Agent-based models (ABM) play a prominent role in guiding critical decision-making and supporting the development of effective policies for better urban resilience and response to the COVID-19 pandemic. However, many ABMs lack realistic representations of human mobility, a key process that leads to physical interaction and subsequent spread of disease. Therefore, we propose the application of Latent Dirichlet Allocation (LDA), a topic modeling technique, to foot-traffic data to develop a realistic model of human mobility in an ABM that simulates the spread of COVID-19. In our novel approach, LDA treats POIs as “words” and agent home census block groups (CBGs) as “documents” to extract “topics” of POIs that frequently appear together in CBG visits. These topics allow us to simulate agent mobility based on the LDA topic distribution of their home CBG. We compare the LDA based mobility model with competitor approaches including a naive mobility model that assumes visits to POIs are random. We find that the naive mobility model is unable to facilitate the spread of COVID-19 at all. Using the LDA informed mobility model, we simulate the spread of COVID-19 and test the effect of changes to the number of topics, various parameters, and public health interventions. By examining the simulated number of cases over time, we find that the number of topics does indeed impact disease spread dynamics, but only in terms of the outbreak's timing. Further analysis of simulation results is needed to better understand the impact of topics on simulated COVID-19 spread. This study contributes to strengthening human mobility representations in ABMs of disease spread.Three promising high school students, John Pesavento, Andy Chen, and Rayan Yu, presented our recent research "Data-Driven Mobility Models for COVID-19 Simulation" at the 3rd ACM SIGSPATIAL Workshop on Advances in Resilient and Intelligent Cities (ARIC 2020)! I am a witness to their hard work during Aspiring Scientists Summer Internship Program (ASSIP). These dilligent students were mentored by Dr. Andreas Züfle and Dr. Hamdi Kavak and co-mentored by Dr. Anderson Taylor and myself. The presentation at ARIC 2020 was very clear. Well done!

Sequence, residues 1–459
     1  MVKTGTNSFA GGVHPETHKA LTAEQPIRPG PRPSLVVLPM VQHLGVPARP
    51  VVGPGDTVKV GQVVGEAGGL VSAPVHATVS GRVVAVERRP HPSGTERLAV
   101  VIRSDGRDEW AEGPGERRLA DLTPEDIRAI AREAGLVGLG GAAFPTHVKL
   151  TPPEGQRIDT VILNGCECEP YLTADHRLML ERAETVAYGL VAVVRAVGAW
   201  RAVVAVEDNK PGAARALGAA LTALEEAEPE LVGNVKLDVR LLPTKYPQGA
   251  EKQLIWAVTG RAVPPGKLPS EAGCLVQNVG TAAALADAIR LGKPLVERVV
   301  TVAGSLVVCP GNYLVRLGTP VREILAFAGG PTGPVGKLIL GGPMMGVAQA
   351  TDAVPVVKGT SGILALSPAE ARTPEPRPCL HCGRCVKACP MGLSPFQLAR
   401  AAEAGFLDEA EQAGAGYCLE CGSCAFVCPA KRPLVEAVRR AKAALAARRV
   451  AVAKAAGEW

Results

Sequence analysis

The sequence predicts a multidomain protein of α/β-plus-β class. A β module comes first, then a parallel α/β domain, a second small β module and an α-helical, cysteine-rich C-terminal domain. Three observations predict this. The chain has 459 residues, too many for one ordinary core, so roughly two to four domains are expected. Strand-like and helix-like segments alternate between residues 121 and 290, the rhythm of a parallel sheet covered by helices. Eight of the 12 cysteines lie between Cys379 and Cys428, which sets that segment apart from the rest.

You can check out interactive heatmaps and more information in John Peasavento's GitHub Page. This research is supported by National Science Foundation and by the Aspiring Scientists Summer Internship Program (ASSIP) at George Mason University.